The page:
And so, the love triangle between the Big East, the Big 12 and Texas Christian University is coming to a head.
With the landscape of college football shifting beneath their feet, officials at TCU are now considering to renege on their commitment to the Big East – a college football conference struggling to survive – for the bigger-name, and better proximity, Big 12 conference. Big 12 officials, earlier today, voted to invite the Horned Frogs into the fold starting next year.
The Big East was counting on TCU to come into their conference in 2012, having already lost schools like Pittsburgh and Syracuse to the ACC last month. With the news that the Horned Frogs may very well snub the Big East, the conference no longer has much to stand on.
That’s not to say that the Big 12 isn’t hurting, themselves. After all, with the Texas-Oklahoma rivalry as its centerpiece, and the recent launch of the Longhorn Network, other Big 12 schools feel they are being undervalued – so much so, that Texas A&M recently made a move to join the SEC, pursuing more exposure, more prominence, and ultimately, more money. Missouri is also reportedly in talks to leave the conference.
Coincidentally, it was reported earlier this year that Texas and Oklahoma were among four Big 12 schools that were targeted to relocate into a Pac-16 superconference, leaving the Big 12 completely in the lurch. As the rumors continue to swirl, positing that Texas, Oklahoma, Texas Tech and Oklahoma State are still in talks to join the current Pac-12, the remaining schools are currently scrambling to figure out whether or not the conference can stay intact.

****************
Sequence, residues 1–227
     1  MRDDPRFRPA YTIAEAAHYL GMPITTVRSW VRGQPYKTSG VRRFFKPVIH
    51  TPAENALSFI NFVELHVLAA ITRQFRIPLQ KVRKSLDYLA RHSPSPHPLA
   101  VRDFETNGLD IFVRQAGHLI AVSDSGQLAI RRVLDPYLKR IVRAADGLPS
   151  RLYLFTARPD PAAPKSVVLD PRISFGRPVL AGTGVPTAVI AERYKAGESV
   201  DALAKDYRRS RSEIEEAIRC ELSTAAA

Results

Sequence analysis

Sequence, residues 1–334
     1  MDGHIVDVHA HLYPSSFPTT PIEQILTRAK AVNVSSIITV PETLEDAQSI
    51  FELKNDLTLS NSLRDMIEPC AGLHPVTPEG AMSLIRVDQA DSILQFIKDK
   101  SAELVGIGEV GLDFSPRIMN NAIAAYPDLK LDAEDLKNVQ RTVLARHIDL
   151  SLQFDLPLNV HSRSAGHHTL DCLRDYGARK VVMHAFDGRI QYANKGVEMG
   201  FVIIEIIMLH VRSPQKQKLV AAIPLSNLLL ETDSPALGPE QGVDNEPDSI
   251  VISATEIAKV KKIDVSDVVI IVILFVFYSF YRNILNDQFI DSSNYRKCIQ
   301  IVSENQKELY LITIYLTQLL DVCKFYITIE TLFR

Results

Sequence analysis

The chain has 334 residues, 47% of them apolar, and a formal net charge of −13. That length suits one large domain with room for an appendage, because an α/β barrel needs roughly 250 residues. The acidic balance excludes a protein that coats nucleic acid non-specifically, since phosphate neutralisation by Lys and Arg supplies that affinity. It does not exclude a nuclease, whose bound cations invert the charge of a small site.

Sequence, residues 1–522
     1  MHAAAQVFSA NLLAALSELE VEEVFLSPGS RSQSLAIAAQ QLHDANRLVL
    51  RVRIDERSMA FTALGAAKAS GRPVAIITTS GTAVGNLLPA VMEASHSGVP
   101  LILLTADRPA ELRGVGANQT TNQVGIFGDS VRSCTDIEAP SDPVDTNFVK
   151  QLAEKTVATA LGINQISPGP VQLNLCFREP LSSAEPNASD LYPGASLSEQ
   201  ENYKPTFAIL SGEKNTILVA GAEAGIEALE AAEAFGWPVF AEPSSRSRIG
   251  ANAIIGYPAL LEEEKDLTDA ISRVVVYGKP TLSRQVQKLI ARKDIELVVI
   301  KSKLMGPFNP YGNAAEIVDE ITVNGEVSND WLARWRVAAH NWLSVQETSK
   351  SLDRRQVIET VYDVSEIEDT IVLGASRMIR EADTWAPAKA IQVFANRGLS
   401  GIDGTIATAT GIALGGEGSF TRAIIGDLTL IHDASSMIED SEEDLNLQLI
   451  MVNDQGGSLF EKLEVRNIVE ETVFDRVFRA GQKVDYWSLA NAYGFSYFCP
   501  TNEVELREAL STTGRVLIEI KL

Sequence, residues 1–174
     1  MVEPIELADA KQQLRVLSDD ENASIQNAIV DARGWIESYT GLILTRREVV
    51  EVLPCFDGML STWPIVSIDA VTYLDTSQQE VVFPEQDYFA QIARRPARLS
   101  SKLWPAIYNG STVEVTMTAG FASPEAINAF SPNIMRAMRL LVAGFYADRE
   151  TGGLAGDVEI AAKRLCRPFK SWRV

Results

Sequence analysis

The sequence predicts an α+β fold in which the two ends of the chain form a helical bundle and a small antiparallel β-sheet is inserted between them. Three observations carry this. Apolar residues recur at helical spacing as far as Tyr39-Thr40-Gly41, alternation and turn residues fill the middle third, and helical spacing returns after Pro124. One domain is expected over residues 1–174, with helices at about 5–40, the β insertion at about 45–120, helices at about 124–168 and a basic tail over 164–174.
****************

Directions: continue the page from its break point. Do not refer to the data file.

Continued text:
In any case, the whole situation leaves TCU at a rather awkward position. The whole point of moving to either the Big East or the Big 12 was to drop their “big fish in a mid-major pond” status, and join the major ranks. This was supposed to give them a shot at a BCS Bowl every year, without the muss-and-fuss of being downgraded with the “Little Sisters of the Poor” argument. But, with the prospect of both the Big East and Big 12 potentially crumbling before they even got there, it leaves TCU in the same – if not a worse – situation than they were in the Mountain West.
Ironically enough, the moves that TCU is currently making in order to play in the big leagues may have triggered a chain reaction that may find itself playing for the Big 12 AND Big East, in an amalgamated superconference of its own, in order to stay relevant in big-time college athletics. Case in point, there have been rumors that, if the superconference model continues to take shape – with conferences like the Pac 16, the SEC, the ACC, the Big 10 hosting more than 14 schools apiece – the remnants of the pilfered Big 12 and Big East conferences may be forced to join forces in order to survive in the NCAA landscape. In fact, talks had surface only weeks ago that this could be a very real possibility, should the event of the four major Big 12 schools heading west actually come to fruition.
No matter what happens, TCU will continue to propel themselves into the forefront of college sports. In what capacity, however, remains to be seen. And, serendipitously enough, their presence – as an inconsequential school only years ago – will affect the entire college sports world.